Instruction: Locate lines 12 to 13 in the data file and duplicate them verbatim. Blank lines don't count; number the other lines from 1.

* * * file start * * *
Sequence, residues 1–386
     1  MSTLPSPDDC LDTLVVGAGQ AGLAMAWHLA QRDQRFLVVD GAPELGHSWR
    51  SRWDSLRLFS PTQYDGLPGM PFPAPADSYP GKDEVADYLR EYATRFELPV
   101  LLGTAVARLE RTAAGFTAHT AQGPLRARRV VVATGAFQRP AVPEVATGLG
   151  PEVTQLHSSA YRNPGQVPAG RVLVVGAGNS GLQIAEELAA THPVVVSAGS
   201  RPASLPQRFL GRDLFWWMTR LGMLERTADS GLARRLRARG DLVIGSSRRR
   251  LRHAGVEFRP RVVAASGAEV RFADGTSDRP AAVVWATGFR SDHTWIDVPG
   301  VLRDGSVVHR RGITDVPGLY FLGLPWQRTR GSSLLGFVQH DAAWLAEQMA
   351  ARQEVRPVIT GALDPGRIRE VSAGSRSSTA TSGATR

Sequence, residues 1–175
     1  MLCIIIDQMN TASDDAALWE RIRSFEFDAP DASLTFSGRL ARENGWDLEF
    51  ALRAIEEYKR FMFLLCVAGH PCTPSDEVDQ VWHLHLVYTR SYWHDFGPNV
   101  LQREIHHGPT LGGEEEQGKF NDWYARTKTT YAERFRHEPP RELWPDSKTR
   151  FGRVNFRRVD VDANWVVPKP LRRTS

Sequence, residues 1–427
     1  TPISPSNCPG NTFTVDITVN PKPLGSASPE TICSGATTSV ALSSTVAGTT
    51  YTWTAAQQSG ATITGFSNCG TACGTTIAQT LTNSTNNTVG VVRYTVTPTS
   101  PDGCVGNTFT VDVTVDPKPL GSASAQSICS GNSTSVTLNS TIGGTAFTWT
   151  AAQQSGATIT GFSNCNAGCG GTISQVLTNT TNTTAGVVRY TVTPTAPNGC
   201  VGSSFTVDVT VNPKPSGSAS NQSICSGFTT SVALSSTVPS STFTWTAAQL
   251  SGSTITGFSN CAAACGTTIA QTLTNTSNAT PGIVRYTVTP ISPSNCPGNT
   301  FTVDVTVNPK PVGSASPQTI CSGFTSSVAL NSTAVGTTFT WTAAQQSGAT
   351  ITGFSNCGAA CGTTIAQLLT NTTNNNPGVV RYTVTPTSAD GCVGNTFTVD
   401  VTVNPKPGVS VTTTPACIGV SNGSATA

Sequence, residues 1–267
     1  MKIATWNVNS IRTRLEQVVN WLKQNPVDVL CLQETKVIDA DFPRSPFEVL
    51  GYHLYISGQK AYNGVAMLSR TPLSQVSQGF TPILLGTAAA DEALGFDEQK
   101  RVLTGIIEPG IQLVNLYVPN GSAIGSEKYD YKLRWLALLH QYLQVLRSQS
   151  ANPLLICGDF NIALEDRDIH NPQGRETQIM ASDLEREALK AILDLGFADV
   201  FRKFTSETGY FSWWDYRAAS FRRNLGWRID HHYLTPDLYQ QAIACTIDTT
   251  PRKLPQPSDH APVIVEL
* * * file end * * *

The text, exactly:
    51  ALRAIEEYKR FMFLLCVAGH PCTPSDEVDQ VWHLHLVYTR SYWHDFGPNV
   101  LQREIHHGPT LGGEEEQGKF NDWYARTKTT YAERFRHEPP RELWPDSKTR